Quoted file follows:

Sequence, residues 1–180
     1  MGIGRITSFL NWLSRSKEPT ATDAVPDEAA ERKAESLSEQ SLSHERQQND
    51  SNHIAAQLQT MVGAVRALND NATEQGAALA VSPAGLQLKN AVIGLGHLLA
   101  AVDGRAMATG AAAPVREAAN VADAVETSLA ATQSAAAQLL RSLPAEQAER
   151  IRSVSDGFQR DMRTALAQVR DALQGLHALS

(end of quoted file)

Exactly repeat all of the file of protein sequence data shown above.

Sequence, residues 1–180
     1  MGIGRITSFL NWLSRSKEPT ATDAVPDEAA ERKAESLSEQ SLSHERQQND
    51  SNHIAAQLQT MVGAVRALND NATEQGAALA VSPAGLQLKN AVIGLGHLLA
   101  AVDGRAMATG AAAPVREAAN VADAVETSLA ATQSAAAQLL RSLPAEQAER
   151  IRSVSDGFQR DMRTALAQVR DALQGLHALS